Vaginal Atrophy with Christien Bird

Guest blogger Christien Bird is a women’s health physiotherapist and co-founder of the health and fitness professional training platform Menopause Movement. She recently talked solutions for improving sexual discomfort in perimenopause and menopause at Sylk-sponsored Menopause Movement event, The Pleasure ZoneRead what she has to say about the all too common vaginal atrophy, and what you can do to help.

So many different names for Vaginal Atrophy! What is it, and what should we really call it?

The menopausal vagina is very different from the vaginas and vulvas of our reproductive years. Oestrogen, our main female reproductive hormone, drives the changes. When oestrogen runs low, the vaginal and urinary tissues suffer, causing what used to be termed vaginal atrophy.

Vulvae and vaginal atrophy, or VVA, has now been redefined as ‘urogenital symptoms of the menopause’. The new national menopause guideline from NICE, refers to it as urogenital atrophy, or UGA. In terms of terminology, I prefer urogenital atrophy at it highlights it’s not just genitalia, the bladder is affected too. In most of my clinics I will observe women with UGA and write letters each week to the GP’s requesting prescriptions.

So how do you talk to your GP when you want to ask for help? Not having clear vocabulary to describe our genitalia makes things more difficult for women. We often use names and euphemisms, so here’s the correct terminology: the urethra is where we wee from, the vagina is inside, the vulva is outside, and the anus is at the back.

What is UGA?

UGA affects the bladder, the clitoris, the labia, introitus, urethra and bladder. It’s a chronic and progressive condition caused by declining oestrogen that fluctuates during the perimenopause, then flat-lining post-menopause.

Often symptoms start a couple of years after the menopause and women don’t always associate it with falling oestrogen levels, assuming it’s part of normal ageing. UGA won’t recover spontaneously, and needs long term treatment.

How does UGA feel and how can you recognise it?

There is a huge variation in people’s experiences. But one thing all experiences have in common is just how miserable UGA can be, bringing itchiness, dryness, or watery discharge. During arousal you may not feel wet, and the vulva and vagina can be painful during sex. Some women find that when they’re just sitting, they can feel a general burning sensation, whilst for others it’s pain in one spot.

You may see part of your labia or clitoris disappearing- you’re not going mad! There can be tissue wasting, as well as bladder issues such as urgency, increased frequency, and recurrent infections. Why bladder symptoms? A healthy vagina has low microbial diversity, needing an acidic pH to prevent infection. The decline in oestrogen changes the pH, making it less acidic, therefore increasing the prevalence of infections, which in turn affects the bladder.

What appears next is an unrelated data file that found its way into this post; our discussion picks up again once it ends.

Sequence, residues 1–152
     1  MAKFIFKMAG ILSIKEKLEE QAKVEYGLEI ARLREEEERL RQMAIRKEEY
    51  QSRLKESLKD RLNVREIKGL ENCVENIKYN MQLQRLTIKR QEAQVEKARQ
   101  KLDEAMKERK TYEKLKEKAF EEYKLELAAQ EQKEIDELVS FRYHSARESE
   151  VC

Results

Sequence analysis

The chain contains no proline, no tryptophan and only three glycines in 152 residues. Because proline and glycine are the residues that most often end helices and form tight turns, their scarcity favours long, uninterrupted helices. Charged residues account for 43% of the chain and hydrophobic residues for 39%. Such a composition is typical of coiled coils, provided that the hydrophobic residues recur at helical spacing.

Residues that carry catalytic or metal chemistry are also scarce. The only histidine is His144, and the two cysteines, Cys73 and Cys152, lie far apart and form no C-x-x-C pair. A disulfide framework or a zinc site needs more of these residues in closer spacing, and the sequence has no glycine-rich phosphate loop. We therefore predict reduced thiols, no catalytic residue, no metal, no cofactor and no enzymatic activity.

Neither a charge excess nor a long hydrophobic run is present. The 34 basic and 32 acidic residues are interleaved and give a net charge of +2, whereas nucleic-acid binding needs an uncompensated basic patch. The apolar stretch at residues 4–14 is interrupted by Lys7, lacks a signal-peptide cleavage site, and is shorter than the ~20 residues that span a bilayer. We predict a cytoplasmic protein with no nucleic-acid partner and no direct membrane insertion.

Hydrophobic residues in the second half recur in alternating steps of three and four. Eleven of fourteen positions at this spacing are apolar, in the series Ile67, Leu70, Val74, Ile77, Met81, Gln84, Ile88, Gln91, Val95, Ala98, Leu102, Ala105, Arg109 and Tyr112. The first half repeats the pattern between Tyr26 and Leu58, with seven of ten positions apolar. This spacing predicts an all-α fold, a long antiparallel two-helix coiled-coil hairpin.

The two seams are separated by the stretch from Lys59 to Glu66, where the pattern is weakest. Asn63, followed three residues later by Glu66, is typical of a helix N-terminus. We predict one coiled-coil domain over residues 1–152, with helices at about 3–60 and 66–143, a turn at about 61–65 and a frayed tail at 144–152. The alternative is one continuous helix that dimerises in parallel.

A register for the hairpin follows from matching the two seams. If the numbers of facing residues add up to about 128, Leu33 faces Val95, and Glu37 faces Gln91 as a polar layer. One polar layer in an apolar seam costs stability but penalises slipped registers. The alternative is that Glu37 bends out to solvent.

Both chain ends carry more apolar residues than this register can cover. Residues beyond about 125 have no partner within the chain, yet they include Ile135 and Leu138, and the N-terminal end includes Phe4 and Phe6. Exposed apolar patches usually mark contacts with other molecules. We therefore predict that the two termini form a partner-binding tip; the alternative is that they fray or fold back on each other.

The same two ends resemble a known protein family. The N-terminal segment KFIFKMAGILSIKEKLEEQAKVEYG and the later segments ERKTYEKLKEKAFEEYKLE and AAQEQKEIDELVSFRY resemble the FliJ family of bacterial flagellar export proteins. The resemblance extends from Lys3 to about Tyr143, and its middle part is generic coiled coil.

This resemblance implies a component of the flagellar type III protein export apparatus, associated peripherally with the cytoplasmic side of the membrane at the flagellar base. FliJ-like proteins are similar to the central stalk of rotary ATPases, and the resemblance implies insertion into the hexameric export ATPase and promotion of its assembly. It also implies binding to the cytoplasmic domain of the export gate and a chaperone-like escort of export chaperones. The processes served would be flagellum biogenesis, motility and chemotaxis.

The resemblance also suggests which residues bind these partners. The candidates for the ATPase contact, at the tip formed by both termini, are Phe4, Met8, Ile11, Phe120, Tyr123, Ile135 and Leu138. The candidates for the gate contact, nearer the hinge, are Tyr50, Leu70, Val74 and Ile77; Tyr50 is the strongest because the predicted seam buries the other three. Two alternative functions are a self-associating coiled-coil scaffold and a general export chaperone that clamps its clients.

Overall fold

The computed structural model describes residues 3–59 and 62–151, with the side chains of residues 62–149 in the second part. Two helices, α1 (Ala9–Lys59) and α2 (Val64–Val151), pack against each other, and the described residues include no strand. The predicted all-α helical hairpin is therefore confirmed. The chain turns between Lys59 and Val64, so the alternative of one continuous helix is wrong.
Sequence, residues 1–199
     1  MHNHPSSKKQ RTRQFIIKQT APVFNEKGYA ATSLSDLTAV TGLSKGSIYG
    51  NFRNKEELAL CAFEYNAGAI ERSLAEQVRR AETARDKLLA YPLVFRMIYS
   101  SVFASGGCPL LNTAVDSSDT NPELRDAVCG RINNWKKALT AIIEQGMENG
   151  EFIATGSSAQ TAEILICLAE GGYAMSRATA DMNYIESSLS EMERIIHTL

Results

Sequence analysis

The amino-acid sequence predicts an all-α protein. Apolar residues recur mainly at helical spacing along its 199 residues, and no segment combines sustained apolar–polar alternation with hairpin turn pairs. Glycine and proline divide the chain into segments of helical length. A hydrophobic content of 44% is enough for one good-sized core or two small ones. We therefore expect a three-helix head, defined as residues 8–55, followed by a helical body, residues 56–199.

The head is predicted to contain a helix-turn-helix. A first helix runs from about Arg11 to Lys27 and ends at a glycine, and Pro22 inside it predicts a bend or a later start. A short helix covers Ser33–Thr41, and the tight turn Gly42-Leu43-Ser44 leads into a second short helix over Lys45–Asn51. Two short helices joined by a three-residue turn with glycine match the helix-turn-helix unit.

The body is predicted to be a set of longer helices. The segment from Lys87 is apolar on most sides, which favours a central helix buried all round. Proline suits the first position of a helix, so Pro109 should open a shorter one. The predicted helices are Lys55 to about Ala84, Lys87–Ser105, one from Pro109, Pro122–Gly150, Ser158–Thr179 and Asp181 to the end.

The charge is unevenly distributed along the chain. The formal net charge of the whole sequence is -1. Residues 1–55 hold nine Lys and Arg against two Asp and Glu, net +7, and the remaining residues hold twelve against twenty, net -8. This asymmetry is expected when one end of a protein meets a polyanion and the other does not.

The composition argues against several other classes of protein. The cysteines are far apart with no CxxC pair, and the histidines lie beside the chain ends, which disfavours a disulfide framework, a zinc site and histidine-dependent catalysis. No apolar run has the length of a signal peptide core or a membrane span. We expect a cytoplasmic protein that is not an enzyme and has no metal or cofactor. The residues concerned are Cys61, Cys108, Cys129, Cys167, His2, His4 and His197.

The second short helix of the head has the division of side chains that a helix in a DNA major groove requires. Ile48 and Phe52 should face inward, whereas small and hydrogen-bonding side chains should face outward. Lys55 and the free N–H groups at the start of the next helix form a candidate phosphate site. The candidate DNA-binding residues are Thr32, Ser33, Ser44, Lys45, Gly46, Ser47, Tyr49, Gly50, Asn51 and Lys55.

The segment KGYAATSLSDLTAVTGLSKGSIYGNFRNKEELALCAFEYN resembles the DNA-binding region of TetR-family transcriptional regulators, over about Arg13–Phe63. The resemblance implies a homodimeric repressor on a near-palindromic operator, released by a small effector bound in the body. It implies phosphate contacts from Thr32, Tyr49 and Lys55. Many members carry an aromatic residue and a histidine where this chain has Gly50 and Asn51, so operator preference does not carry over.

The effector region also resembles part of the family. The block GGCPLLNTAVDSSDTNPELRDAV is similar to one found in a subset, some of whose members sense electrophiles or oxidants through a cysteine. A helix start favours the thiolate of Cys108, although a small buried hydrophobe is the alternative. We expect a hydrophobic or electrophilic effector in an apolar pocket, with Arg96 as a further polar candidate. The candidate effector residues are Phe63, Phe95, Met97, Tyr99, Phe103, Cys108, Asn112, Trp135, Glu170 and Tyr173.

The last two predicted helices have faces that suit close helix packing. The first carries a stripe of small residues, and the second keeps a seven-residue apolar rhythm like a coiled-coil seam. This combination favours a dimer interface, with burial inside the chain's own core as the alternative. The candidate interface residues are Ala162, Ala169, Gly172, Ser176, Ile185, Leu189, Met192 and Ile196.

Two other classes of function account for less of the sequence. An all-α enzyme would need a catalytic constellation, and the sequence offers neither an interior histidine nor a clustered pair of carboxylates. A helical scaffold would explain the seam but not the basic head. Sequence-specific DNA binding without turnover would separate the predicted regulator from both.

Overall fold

How can UGA be treated?

The good news is that treatment is effective! Studies have shown that pelvic floor muscle training combined with topical oestrogen is the gold standard treatment. Training improves blood flow in vulval and vaginal tissues, increases elasticity, and increases pelvic muscle relaxation capacity too.

However, despite treatments being available, affordable, and safe, a large European study showed that UGA remains underdiagnosed and under treated in the UK. As many as 80% of these women will present with symptoms but they go unreported to the doctor, and more than 50% are likely to present with symptoms.

What can help?

  • Topical low-level oestrogen, used as a pessary or cream, is considered safe and very effective. Oestrogen is vaso-active, increasing blood flow, improving strength, muscle mass, and increasing urethral resistance. It also helps to raise the bladder sensory threshold and promotes bladder relaxation to control sudden urgency. It’s a nutrient for genital and bladder tissue. However, not everyone can use topical oestrogen, so talk to your GP, gynaecologist or oncologist, as there are some effective and safe alternatives.
  • Over the counter personal lubricants and moisturisers are very effective. Some, like Sylk Natural with it’s vaginal friendly pH, are available on prescription. Whilst adding lubricants and moisturisers is to be encouraged, bubble baths and vaginal washes are not! Avoid anything scented or soapy in and around the vagina.
  • Lifestyle modifications, such as being less sedentary, regular sexual activity if possible, and stopping smoking have also been shown to help elasticity.
  • Specialist pelvic floor physiotherapist can help with pelvic floor muscle training to improve the elasticity and strength of your pelvic floor, helping you train the pelvic floor to be bouncy, strong, and responsive.

A healthy vagina makes for a happier woman, and a happier midlife and beyond!

Menopause Movement are delighted to offer Sylk users a 25% discount on their training course & membership to a community network specifically for health and fitness professionals who treat women through menopause. Book your course here, and don’t forget to use code SYLK25 at the checkout.

Anne Stephens, Christien Bird and Jo McEwan
Co-founders of Menopause Movement
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